In Week 8 students post their first blog reflecting on some of the following guiding questions:

  • How comfortable are you with collaborating with other students to accomplish/finish this digital project?
  • How much do you know about the other group members? The skills they bring to the group, the knowledge that you think is important for such a project.
  • How will you be dividing the work in your group?
  • What do you think this digital project will reveal?
  • How relevant is this project to your course learning outcomes?
  • How similar/different is working collaboratively on this project in comparison to other assignments you have done for other courses before?
  • What do you think is the most surprising answer/finding your interview notes reveal at this point/early phase?
  • What do you think is missing in the interview questions that will yield more significant results on the idea of canonicity in Lebanese High Schools?
  • How will each member in your group proceed after your first group meeting?
  • Finally, what title would you like to give to your first blog?


Students meet again at the end of the week in their small groups to revise their blogs and prepare their comments (peer reviews) on blogs by students in other groups. Over the weekend students refine their data entries, add more data, and prepare their data for their first Carto map.

In Week 9, students are introduced to Carto and create preliminary visualizations of their spreadsheet data. These visualizations will allow them to see new things or reaffirm some of their preliminary findings or to create new directions in their research. Students read a number of key articles on Deep Mapping and Spatiality and interrogate some of the main central themes.  Students attempt to create a preliminary proposal for their research interests. They create questions such as: what relationship emerges as emotions are visualised in relation to genre? Students create a second blog on a research theme/question on canonicity in the Lebanese context, the movement of books among bookstores and schools over time, etc…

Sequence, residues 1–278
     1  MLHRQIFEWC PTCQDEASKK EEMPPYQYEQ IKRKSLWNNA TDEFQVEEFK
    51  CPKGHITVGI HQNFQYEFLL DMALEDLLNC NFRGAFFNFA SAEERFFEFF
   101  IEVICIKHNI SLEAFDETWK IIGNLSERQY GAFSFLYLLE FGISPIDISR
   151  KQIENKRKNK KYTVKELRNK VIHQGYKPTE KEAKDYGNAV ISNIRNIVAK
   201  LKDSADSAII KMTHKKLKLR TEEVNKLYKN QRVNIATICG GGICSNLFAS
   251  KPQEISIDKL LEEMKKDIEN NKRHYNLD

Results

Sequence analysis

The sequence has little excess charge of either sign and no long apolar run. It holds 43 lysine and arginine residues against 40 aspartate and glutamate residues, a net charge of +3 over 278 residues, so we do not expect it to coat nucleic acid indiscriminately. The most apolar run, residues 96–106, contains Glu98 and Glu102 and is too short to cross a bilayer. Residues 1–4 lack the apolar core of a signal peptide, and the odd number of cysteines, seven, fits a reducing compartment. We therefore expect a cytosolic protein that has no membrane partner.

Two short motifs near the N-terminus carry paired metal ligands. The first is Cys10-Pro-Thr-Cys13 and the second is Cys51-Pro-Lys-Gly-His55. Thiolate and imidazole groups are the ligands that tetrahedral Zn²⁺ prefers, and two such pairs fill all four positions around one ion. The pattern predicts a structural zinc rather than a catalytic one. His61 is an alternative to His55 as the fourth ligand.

In Week 10, students are introduced to Palladio and as they continue to collect data they create visualizations of the networks their data can reveal. A third blog on the progress of their research findings will be developed.

In Week 11-13, students read more and refine their visualizations, report on their progress

Week 14 students create posters and present their findings in a final narrative on their first digital project.

By the end of the semester, students would have created and posted three short blogs, three comments (peer reviews) and the final reflection with maps and visualizations to be included in the third one. Results and recommendations for the following Spring Semester will be posted in a new blog post later this week.


Leave a Reply

Fill in your details below or click an icon to log in:

WordPress.com Logo

You are commenting using your WordPress.com account. Log Out /  Change )

Google+ photo

You are commenting using your Google+ account. Log Out /  Change )

Twitter picture

You are commenting using your Twitter account. Log Out /  Change )

Facebook photo

You are commenting using your Facebook account. Log Out /  Change )


Connecting to %s